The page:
By Joshua Jackson
There are many hurdles an artist has to jump over in the music industry—two of them being breaking into it and staying there. The first can easily be classified as a fluke victory in today’s society thanks to a few catchy hooks, but the second usually requires a little more depth for an artist to be taken seriously. This is why the sophomore album is so important.
For New York’s A$AP Rocky his second effort, At. Long. Last. A$AP, serves as the final hurdle before he takes his spot as a member of rap’s current elite.
It’s been a little over two years since Rocky released his debut album Long. Live. A$AP. Tracks such as “Goldie,” “F—in Problems” and the star-studded super collaboration “1 Train,” combined with a heavy underground following and Harlem-meets-Houston flow resulted in a successful mainstream release and a gold certification by the RIAA.
Using the time to grow, and battling the loss of his friend and mentor A$AP Yams, he returned with ALLA and a matured version of the same swagger Rocky exuded on the first album.
The first song “Holy Ghost” opens with a heavy guitar influence as Rocky flows effortlessly finding his own relationship with God. From here, the tempo is set. The world has been established as a place much different than most hip hop today.
Instead of letting the instrumentals do the heavy lifting for him, Rocky seems to have picked tracks that allow him to flex his specific style of rapping. In “Canal St.” he switches flows and delivers his lyrics in a manner that commands attention. Much of the album follows this method, further sucking listeners into this psychedelic world contrasting with his last album.
Unlike LLA, there are far fewer tracks which rely on heavy bass and club like beats. A few heavy-hitters such as “Lord Pretty Flacko Jodye 2 (LPFJ2)” and “M’$” find their way onto the album, but this isn’t where ALLA finds its strength.
Instead, it’s Rocky’s capability to stand tall on the tracks he decides to share. The features on ALLA are on the heavy side, but they work in favor of Rocky. Assists from ScHoolboy Q, Juicy J and James Fauntleroy are all welcome. Verses from the likes of Future, Kanye West and both members of UGK sneak up on the tracks. Even Lil’ Wayne gets to showcase his ability to adapt to the style of another rapper.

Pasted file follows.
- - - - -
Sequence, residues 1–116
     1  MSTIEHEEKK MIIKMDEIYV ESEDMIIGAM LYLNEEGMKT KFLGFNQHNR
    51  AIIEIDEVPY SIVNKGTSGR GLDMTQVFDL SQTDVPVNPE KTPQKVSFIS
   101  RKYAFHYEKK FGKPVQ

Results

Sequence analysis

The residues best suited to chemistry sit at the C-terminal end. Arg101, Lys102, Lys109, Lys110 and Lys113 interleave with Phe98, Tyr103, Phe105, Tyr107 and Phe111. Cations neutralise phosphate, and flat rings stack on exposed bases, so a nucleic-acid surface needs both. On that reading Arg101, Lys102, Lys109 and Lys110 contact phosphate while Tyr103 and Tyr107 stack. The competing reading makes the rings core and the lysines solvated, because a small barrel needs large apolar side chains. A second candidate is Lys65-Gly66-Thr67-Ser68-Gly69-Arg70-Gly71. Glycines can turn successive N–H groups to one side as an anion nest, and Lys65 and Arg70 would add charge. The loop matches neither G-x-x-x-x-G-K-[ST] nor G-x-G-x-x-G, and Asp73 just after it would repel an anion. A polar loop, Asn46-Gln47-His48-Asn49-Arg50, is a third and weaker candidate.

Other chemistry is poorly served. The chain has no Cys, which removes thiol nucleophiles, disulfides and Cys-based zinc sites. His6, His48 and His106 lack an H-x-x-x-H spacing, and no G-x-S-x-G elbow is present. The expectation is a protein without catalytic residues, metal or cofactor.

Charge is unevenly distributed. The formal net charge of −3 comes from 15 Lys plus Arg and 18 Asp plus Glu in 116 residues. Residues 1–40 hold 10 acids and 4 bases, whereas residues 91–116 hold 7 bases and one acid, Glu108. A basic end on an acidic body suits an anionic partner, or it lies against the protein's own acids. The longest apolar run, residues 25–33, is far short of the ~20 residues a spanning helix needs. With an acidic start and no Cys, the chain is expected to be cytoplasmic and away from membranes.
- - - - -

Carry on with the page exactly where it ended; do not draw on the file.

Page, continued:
Without a doubt, the strongest track comes late in the album. “Everyday” boasts an eclectic team of vocalists as Rocky collaborates with Miguel, Mark Ronson and Rod Stewart for what is a track that embodies an A$AP Rocky track and the closest the album gets to a radio single. The flow changes multiple times as well as the beat and there’s the tinge of Rocky’s Houston-inspired slowed voice dropped in and out of the track.
While 18 tracks may be a little excessive, ALLA covers all the bases. However, it covers them too often. Some tracks such as “Excuse Me” and “Better Things” can be easily skipped because they don’t add anything to the album. The longer one listens to the record, the more they realize how most of the world they’ve been sucked into has some places they’ve already seen in a simpler form. While the delivery and beats are impressive, the shiny new toy effect wears off quickly.
This project is not to be compared to Drake’s “If You’re Reading This, It’s Too Late” or Kendrick Lamar’s “To Pimp A Butterfly” or any other major rap release this year. So far, each artist has managed to carve their own lane and each project they release should be seen as such.
ALLA is better than its predecessor, but it still gives room for Rocky to grow. He has jumped the second hurdle. With this, Rocky will stay around for a few more years. Still, the hurdles come with every album an artist releases. Rocky will either stumble or continue his path to his psychedelic podium. For now, he’s safe.